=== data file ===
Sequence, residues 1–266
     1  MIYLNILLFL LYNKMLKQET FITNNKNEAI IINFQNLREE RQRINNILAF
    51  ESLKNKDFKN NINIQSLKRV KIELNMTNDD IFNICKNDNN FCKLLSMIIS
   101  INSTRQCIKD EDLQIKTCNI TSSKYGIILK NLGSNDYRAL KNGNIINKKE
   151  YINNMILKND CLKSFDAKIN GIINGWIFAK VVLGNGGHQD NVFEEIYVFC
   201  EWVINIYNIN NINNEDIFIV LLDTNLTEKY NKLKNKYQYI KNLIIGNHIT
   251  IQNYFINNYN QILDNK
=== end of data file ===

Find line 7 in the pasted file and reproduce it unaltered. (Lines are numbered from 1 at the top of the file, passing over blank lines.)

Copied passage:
   251  IQNYFINNYN QILDNK